I this post I will show how to use Angular Universal to generate Angular applications on the server.
When I first heard about Angular Universal I thought the idea was really cool. Being able to serve a pre-generated application from the server is great – especially in applications where SEO is important.
Hybrid server side - client side rendering already exists in React, but it's great to see it in Angular as well now. Btw, I have an article about server side React here if you are interested.
So how does server side generation work in Angular?
One great benefit of Angular is that the framework is designed to be agnostic of the runtime environment. Since Angular abstracts the details of the host, the same application can be deployed to very different environments like browsers, express servers or even native devices.
As long as we avoid accessing environment specific functions, our code can be deployed to different environments without modification.
Examples of things to avoid are browser specific apis like direct DOM access since it doesn't have a counter part outside the browser. In cases where you need DOM access it's recommended to use the Renderer abstraction instead.
Using the Angular Universal starter project is probable the easiest way to get started. The starter takes care of all the ceremony of configuring the project and gives you a pretty comprehensive sample as well.
I've decided to use Universal to build a sitemap for my blog based on an Angular treeview component.
The treeview component is simple with a recursive template and some basic data binding.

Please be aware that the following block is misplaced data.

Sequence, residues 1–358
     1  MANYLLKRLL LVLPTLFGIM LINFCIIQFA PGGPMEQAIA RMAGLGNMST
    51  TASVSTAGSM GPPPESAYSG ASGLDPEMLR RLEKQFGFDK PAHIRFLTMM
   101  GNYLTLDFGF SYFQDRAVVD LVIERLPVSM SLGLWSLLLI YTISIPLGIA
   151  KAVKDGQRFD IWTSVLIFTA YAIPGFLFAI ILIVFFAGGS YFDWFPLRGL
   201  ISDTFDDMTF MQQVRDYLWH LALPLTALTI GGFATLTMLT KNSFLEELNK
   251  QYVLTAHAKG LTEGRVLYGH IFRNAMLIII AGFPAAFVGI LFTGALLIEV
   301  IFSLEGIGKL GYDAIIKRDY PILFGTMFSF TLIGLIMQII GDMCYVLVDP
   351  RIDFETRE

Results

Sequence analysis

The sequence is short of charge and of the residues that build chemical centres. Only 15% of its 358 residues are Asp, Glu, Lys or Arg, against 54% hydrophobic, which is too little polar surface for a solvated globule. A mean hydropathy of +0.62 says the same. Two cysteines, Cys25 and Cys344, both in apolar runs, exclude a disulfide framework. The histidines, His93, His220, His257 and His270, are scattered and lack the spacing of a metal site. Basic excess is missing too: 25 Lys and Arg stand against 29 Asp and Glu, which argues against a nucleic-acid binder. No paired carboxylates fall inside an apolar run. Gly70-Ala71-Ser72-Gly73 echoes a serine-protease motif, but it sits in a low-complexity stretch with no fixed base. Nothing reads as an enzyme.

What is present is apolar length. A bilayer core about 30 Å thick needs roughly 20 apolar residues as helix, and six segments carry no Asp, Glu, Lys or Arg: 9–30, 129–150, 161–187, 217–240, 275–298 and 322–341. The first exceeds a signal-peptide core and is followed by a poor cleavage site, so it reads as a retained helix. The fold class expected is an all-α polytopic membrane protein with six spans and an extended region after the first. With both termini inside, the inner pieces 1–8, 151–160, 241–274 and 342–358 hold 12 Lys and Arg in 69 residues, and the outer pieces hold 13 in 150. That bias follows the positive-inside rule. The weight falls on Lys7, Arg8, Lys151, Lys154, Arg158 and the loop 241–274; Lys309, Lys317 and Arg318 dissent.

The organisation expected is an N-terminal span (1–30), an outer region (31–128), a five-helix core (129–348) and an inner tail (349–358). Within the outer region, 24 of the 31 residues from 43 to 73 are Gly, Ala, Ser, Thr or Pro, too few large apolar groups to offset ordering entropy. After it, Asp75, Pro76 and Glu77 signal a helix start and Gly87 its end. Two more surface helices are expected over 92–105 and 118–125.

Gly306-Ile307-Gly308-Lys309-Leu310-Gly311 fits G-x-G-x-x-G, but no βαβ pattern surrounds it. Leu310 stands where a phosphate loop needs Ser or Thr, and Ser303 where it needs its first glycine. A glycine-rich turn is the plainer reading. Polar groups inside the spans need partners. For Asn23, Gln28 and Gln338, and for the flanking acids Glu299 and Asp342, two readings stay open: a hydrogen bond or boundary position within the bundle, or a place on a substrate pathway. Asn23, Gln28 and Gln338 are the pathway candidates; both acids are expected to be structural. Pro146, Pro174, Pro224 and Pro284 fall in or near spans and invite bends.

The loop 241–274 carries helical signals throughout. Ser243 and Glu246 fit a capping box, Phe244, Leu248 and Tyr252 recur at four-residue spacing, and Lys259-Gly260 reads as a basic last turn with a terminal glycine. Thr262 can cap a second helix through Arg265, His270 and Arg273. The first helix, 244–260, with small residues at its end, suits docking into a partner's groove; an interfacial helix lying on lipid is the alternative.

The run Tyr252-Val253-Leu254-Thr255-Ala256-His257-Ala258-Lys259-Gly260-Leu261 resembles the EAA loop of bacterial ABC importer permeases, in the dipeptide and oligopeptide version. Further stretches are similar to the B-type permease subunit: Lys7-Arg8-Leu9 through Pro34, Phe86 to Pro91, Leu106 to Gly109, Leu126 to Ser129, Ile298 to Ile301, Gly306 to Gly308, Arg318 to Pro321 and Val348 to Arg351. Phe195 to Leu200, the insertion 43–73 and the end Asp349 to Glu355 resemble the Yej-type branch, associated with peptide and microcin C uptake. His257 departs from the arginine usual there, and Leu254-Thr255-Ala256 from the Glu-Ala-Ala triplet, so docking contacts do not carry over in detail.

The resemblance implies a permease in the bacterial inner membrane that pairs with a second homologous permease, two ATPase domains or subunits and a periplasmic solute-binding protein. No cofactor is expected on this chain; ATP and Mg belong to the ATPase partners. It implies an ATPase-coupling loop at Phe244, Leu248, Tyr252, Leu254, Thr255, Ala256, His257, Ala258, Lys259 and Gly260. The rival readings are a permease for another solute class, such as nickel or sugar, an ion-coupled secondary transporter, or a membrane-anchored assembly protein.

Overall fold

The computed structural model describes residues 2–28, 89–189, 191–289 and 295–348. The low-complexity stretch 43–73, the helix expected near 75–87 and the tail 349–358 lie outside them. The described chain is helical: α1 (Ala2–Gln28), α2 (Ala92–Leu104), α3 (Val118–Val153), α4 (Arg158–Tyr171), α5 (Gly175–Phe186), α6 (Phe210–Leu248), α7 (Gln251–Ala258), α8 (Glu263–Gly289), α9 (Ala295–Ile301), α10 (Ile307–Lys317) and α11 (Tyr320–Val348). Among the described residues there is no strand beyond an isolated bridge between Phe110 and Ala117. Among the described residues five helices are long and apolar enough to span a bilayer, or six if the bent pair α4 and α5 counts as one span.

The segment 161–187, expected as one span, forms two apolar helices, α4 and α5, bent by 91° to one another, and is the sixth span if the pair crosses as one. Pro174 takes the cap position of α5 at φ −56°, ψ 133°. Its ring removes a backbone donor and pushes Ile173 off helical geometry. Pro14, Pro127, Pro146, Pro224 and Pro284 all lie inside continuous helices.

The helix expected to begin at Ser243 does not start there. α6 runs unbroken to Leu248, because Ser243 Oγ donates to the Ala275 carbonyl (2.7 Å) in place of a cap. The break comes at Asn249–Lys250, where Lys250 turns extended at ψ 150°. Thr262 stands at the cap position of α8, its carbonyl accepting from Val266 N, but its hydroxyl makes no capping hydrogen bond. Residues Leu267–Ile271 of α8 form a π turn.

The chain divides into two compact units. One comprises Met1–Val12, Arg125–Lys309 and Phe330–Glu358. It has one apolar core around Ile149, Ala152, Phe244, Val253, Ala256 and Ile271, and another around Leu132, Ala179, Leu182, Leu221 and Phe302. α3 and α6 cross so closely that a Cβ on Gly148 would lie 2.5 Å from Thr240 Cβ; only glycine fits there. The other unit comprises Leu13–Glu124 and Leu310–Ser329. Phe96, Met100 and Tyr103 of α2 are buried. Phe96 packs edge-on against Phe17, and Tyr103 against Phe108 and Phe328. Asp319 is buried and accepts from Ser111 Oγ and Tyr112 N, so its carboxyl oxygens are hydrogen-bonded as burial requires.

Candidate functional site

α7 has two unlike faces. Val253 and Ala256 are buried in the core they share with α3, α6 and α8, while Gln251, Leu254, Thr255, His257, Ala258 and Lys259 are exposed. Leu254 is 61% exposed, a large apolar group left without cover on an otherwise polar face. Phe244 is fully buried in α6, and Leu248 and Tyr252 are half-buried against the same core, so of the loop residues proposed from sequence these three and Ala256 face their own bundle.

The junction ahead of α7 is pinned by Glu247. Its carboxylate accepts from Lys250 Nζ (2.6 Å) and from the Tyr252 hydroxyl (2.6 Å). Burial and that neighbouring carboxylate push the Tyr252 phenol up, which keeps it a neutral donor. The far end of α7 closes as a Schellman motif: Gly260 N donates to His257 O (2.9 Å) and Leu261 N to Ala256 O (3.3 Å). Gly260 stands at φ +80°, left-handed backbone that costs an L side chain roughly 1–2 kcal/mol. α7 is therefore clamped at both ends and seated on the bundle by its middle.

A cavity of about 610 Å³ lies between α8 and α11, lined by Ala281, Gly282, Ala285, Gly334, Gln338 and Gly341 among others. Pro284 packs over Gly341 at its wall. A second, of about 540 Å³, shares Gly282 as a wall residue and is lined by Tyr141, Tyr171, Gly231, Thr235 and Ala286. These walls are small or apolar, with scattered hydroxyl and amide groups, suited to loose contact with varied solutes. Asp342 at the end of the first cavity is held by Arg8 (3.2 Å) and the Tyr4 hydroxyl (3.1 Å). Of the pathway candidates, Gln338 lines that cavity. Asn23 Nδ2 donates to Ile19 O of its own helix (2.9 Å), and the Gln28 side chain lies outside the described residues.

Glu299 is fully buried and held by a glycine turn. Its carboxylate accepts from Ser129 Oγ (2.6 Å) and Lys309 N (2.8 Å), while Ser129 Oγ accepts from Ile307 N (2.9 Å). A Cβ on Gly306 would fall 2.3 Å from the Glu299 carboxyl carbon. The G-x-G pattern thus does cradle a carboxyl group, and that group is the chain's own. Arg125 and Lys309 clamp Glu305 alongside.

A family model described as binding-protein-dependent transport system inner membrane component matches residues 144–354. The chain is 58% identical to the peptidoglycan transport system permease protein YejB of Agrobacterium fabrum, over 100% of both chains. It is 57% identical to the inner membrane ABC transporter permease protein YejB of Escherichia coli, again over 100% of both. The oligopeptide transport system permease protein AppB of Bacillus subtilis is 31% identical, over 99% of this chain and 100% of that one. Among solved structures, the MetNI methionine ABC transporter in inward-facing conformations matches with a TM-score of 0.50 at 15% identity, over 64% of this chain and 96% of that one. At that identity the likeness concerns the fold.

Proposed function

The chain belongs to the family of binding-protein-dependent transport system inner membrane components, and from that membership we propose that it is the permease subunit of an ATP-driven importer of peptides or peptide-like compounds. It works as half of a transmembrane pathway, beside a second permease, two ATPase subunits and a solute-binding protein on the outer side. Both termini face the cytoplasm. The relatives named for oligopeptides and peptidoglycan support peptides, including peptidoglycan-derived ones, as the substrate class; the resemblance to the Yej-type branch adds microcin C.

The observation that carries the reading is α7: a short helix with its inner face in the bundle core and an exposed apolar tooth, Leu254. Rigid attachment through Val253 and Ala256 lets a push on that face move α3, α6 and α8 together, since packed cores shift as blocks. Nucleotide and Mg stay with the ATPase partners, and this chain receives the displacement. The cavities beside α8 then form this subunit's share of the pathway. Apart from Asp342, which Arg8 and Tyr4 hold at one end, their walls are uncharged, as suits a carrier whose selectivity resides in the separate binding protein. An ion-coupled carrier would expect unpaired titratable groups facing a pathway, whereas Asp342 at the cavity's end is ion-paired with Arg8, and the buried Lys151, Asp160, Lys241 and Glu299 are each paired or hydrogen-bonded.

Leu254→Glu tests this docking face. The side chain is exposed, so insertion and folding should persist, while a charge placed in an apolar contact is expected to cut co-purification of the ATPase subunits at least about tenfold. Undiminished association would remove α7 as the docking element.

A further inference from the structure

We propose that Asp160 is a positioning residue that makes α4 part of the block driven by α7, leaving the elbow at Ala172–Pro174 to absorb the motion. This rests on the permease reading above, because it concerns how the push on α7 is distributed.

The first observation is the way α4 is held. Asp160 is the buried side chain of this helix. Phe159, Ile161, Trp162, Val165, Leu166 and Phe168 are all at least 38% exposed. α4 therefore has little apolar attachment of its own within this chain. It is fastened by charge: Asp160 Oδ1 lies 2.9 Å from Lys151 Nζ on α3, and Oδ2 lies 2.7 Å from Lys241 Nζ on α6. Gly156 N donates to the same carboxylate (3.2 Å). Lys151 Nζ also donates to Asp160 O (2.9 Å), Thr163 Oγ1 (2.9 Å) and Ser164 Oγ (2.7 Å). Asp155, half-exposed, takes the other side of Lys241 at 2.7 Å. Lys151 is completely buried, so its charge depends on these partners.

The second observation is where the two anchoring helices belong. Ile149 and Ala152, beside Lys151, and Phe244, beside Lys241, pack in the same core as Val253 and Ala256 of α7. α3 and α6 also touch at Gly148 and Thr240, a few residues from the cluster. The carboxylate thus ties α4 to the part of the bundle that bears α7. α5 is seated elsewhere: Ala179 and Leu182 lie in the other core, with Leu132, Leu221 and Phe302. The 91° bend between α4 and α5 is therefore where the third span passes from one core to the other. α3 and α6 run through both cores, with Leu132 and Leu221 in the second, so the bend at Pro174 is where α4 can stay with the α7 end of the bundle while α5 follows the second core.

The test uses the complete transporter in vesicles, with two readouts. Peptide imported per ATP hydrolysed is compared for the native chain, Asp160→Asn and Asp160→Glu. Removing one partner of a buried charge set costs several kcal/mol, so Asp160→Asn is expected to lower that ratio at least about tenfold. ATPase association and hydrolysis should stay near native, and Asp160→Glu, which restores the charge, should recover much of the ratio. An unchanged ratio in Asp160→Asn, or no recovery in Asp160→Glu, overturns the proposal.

Next I have defined a sitemap component to handle the http call to get the list of articles needed to build the treeview.
Notice how all the code I've written so far is totally standard Angular code – without any server vs browser specific code.
So how can we get this code to render on the server?
I am using node with express to run my server. My code is a modified version of the server code from the universal starter project.
There is a lot going on here, but much of it might seem vaguely familiar if you have some previous experience with Express. You might also notice some familiar imports from Angular as well, including my sitemap component.
Next we have to set up the client side bootstrapping.
This part is relatively similar to standard client side bootstrapping.
The last step is index.html
Notice the script tag referring to bundle.js. This script tag is what enables us to kick of a client side angular application once the static server side page has rendered in the browser.
Running the code
I have deployed the code here in case you want to take a look.
If you go to my sitemap I recommend looking at the network tab while the page is loading. You will see the initial document served with fully generated html for the sitemap component. This is the result of generating the component on the server.
It's however important to point out that the server side generation is not a replacement for the client side application. In most cases we would need both, which means the components would actually instantiate twice. Once on the server and again when index.html renders in the browser.
In my sample I need the client side application to respond to user clicks to expand and collapse the category nodes.
One downside to instantiating the component twice is that any http call made during initialization would also be made twice. In my sample you can see the call to fetch the sitemap articles is made again from the browser.
I can come up with a few workarounds for short circuiting the http call. I have however decided to wait to see what the recommendations will be from the Universal team. Two workarounds I can think of are
- Embed json in a hidden field and pass it down to the client (essentially view state)
- Include a script tag from the server that leaves behind a global variable that contains the data
Both solutions would probably work, but I think this is something that should be streamlined as part of the framework.
Angular Universal is really cool! I see it mostly as an SEO feature, but I am curious to see if there are scenarios where it can be used to improve performance as well.